Keywords: workplace democracy, worker participation, political spillover, party identification
    JEL: D72 J51 J52 J58
    Date: 2023–01
  2. By: Francesco Barilari (Trinity College Dublin); Diego Zambiasi (Newcastle University)
    Abstract: In this paper we show that political campaigning can influence the behavior of law enforcement officers. We follow monthly arrests for 1383 police agencies in 40 American States from January 1984 to December 1990. During these years the Presidents of the United States developed a strong rhetoric against drug abuse. The main target of the presidential rhetoric was crack cocaine, a drug that the media associated with Blacks. We implement both a difference in differences and a reduced-form-Bartik-type approach to test if exposure to the presidential rhetoric affected the behavior of law enforcement officers. We generate a novel measure of the intensity of the presidential rhetoric against drug abuse by running a topic modelling analysis of all the public papers of Presidents Reagan and Bush. We find that arrests for crack cocaine of Blacks increased more in counties more exposed to the presidential rhetoric against drug abuse --even when accounting for state specific policies and baseline differences in county characteristics--, while we find no effect for Whites. We find qualitatively similar results when considering the effect of Reagan's political rallies.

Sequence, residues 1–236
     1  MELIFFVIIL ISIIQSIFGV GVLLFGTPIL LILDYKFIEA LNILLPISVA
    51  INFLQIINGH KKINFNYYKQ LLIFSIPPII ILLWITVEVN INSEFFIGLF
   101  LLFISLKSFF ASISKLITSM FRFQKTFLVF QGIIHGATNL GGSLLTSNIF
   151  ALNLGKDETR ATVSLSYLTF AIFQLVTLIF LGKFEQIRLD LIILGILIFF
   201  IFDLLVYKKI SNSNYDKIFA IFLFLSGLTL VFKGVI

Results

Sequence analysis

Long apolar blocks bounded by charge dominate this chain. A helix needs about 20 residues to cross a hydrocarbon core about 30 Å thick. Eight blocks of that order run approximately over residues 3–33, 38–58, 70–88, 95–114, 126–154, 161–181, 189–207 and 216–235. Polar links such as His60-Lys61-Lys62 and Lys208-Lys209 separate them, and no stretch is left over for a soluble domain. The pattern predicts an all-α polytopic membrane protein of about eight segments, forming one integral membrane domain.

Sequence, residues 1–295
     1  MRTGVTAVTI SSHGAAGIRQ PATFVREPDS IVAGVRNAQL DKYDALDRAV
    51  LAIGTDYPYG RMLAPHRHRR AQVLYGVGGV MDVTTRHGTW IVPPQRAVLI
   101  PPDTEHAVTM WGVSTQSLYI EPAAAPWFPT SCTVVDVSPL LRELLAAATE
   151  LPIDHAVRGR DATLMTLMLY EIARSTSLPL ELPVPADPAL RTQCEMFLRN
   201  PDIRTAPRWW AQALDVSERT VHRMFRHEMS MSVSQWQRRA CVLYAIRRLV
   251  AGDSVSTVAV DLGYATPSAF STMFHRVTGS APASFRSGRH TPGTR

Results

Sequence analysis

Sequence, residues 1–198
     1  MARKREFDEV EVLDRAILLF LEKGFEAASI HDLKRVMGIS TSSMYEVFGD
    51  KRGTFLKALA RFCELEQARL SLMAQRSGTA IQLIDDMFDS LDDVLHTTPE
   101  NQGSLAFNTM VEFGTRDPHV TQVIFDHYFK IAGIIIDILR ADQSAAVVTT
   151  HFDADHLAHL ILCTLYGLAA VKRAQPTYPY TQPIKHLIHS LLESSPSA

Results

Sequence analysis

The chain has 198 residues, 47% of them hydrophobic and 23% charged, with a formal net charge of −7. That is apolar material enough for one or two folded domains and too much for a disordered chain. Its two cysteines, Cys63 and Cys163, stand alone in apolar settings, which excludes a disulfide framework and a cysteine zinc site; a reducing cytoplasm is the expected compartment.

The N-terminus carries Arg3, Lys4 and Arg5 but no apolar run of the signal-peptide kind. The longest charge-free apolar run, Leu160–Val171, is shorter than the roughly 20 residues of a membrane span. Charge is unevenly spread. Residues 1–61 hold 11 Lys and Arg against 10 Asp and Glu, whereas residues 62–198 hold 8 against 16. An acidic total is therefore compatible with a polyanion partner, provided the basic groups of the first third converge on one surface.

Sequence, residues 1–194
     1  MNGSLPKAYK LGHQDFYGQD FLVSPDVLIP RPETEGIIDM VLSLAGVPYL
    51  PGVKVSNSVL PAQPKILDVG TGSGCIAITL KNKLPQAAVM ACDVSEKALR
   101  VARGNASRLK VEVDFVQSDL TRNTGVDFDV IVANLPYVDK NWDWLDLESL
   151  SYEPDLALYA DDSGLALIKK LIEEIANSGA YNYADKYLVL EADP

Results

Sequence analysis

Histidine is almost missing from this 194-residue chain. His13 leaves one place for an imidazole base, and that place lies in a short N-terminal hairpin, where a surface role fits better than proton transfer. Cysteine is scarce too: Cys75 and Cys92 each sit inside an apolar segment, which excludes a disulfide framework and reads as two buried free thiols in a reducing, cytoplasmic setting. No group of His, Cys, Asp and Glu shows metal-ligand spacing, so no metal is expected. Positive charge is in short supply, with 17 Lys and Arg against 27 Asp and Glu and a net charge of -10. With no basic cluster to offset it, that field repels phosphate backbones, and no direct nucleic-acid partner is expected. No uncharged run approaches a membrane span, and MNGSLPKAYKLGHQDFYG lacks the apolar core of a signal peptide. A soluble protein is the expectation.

Keywords: Crackcocaine, Politicalcampaigning, Racialdiscrimination
    JEL: D72 J15 K42 P00
    Date: 2023–02
  3. By: A. Arda Gitmez; James A. Robinson; Mehdi Shadmehr
    Abstract: Institutional constraints to counter potential abuses in the use of political power have been viewed as essential to well functioning political institutions and good public policy outcomes in the Western World since the time of ancient Greece. A sophisticated intellectual tradition emerged to justify the need for such constraints. In this paper we identify a new puzzle: such an intellectual tradition did not exist in the Islamic world, even if the potential for abuse was recognized. We develop a model to explain why such ideas might not have emerged. We argue that this is due to the nature of Islamic law (the Sharia) being far more encompassing than Western law, making it easier for citizens to identify abuses of power and use collective action to discipline them. We study how the relative homogeneity and solidarity of Islamic society fortified this logic.